Recurrent hydatidiform mole

Recurrent hydatidiform mole is a condition that affects women and is characterized by the occurrence of at least two abnormal pregnancies that result in the formation of hydatidiform moles. A hydatidiform mole is a mass that forms early in pregnancy and is made up of cells from an abnormally developed embryo and placenta. Normally, the embryo would develop into a fetus and the placenta would grow to provide nutrients to the growing fetus. When a hydatidiform mole occurs once, it is known as sporadic hydatidiform mole; if it happens again, the condition is known as recurrent hydatidiform mole.

The first symptom of a hydatidiform mole is often vaginal bleeding in the first trimester of pregnancy. During an ultrasound examination, the abnormal placenta appears as numerous small sacs, often described as resembling a bunch of grapes.

Hydatidiform moles are not naturally discharged from the body and must be surgically removed, typically by the end of the first trimester. After removal, there is up to a 20 percent risk that any tissue left behind will continue to grow and become a cancerous (malignant) tumor called a persistent mole. If the tumor invades the surrounding tissue of the uterus, it is called an invasive mole. In rare cases, this malignant tumor can transform into a different form of cancer called gestational choriocarcinoma that can spread (metastasize) to other tissues such as the liver, lungs, or brain.

Hydatidiform moles occur in 1 in 600 to 1,000 pregnancies in western countries. One to six percent of previously affected women will have a recurrent hydatidiform mole. Gestational choriocarcinoma occurs in 1 in 20,000 to 50,000 pregnancies in the United States.

Mutations in multiple genes have been found to cause recurrent hydatidiform mole. About 55 percent of cases of this condition are caused by NLRP7 gene mutations and about 5 percent of cases are caused by KHDC3L gene mutations. Mutations in other genes each account for a small percentage of cases.

The proteins produced from the NLRP7 and KHDC3L genes are critical for normal egg cell (oocyte) development, which impacts embryonic development. Within oocytes, the exact role of NLRP7 and KHDC3L proteins are not known. However, they are thought to play a role in a phenomenon known as genomic imprinting. Through genomic imprinting certain genes are turned off (inactivated) based on which parent the copy of the gene came from. For most genes, both copies of the gene (one copy inherited from each parent) are active in all cells. However, for a small subset of genes, only one of the two copies is active and the other is turned off. For some of these genes, the copy from the father is normally active, while for others, the copy from the mother is normally active.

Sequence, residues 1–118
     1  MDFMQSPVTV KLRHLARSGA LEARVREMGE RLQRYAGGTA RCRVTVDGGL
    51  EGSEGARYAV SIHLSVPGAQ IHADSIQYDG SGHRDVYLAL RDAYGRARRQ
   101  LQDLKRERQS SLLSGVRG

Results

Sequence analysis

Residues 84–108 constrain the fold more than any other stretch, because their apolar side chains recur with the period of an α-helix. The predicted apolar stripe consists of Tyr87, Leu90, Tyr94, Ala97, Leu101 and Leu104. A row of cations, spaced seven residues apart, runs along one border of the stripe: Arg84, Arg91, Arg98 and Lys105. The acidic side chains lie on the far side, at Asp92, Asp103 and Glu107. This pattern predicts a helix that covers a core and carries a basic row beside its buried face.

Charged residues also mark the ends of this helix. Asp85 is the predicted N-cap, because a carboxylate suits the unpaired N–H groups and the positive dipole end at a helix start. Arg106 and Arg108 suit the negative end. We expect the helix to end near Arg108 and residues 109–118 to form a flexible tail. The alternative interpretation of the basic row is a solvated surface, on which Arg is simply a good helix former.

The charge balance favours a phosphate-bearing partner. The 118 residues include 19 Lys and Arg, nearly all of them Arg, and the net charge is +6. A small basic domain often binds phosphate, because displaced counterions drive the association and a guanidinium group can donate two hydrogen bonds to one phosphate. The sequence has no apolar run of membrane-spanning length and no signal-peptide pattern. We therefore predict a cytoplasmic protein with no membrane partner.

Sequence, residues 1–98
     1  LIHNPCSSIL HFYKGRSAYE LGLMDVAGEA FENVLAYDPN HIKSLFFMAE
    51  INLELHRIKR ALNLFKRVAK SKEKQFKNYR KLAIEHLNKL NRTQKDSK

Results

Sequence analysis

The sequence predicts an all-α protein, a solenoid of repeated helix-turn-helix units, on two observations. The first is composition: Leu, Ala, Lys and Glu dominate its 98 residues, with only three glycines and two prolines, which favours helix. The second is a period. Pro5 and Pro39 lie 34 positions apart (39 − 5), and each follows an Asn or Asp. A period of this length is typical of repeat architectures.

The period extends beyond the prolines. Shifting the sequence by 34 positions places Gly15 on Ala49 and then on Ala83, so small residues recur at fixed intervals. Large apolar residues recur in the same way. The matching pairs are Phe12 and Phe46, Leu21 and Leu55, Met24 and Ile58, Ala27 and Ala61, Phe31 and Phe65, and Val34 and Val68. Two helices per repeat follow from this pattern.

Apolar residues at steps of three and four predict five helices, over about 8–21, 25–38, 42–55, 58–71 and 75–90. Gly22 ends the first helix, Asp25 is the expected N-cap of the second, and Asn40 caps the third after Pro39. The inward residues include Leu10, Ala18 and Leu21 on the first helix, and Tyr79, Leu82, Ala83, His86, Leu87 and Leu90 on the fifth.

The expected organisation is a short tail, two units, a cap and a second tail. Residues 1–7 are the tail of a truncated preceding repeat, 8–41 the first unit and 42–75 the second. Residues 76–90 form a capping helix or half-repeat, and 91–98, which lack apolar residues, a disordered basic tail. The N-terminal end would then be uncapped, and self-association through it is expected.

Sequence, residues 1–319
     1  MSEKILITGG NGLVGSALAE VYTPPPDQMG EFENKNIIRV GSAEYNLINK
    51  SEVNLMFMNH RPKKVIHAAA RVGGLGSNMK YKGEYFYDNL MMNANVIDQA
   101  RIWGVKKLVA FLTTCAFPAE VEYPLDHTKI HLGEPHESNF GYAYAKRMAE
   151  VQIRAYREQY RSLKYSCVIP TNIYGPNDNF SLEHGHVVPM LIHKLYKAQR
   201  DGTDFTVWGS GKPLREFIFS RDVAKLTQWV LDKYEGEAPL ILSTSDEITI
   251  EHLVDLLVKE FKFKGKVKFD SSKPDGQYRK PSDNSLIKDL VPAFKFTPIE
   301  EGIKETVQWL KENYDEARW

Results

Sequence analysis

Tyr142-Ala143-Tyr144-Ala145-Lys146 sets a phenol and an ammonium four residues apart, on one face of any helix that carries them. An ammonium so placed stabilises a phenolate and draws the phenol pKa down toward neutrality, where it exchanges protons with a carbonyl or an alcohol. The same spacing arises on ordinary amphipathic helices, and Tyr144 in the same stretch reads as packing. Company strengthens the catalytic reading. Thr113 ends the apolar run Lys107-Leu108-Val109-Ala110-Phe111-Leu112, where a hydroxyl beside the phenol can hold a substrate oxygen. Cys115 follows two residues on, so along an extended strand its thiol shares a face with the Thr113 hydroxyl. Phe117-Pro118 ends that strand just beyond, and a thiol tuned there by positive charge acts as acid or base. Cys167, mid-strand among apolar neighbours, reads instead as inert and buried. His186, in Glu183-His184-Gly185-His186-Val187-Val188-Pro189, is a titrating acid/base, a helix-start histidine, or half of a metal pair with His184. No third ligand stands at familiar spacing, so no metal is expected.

NLRP7 or KHDC3L gene mutations result in the production of proteins with impaired function. As a result, oocytes do not develop normally. A pregnancy that results from an abnormal oocyte cannot develop properly, resulting in recurrent hydatidiform mole. NLRP7 or KHDC3L gene mutations can also prevent proper imprinting of multiple genes that contribute to a developing embryo, leading to abnormal gene activity (expression). It is not clear if problems with imprinting also contribute to the development of a hydatidiform mole. In women with NLRP7 or KHDC3L gene mutations, a hydatidiform mole will develop in every pregnancy that occurs with her egg cells.

A small number of cases of recurrent hydatidiform mole have been found to be caused by mutations in genes that play important roles in the production of oocytes and sperm cells. The proteins produced from these genes are involved in the normal process of exchanging genetic material between chromosomes in preparation for cell division during oocyte and sperm cell production. These proteins are needed to make breaks in the chromosomes so that genetic information can be exchanged.

Mutations in these genes prevent the normal function of the proteins involved in the exchange of genetic material. Without the exchange of genetic material, cell division is often stopped. In affected women, this can lead to the production of abnormal oocytes that do not contain chromosomes. When a normal sperm cell fertilizes one of these oocytes, the resulting embryo has only one set of chromosomes. Because the embryo has no genes from the mother, the pregnancy cannot develop normally, resulting in a hydatidiform mole. In women with these rare gene mutations, every pregnancy that occurs with her egg cells will result in a hydatidiform mole or pregnancy loss (miscarriage).

In some cases of recurrent hydatidiform mole, no mutations in any of the genes associated with the condition have been identified. In these instances, the cause of the condition is unknown.

Recurrent hydatidiform mole is inherited in an autosomal recessive pattern, which means both copies of the gene in each cell have mutations. The parents of an individual with an autosomal recessive condition each carry one copy of the mutated gene, but they typically do not show signs and symptoms of the condition. Recurrent hydatidiform mole seems to have an autosomal recessive inheritance pattern even when the genetic cause of the condition is unknown.

  • familial recurrent hydatidiform mole
  • FRHM
  • recurrent androgenetic hydatidiform mole
  • recurrent biparental hydatidiform mole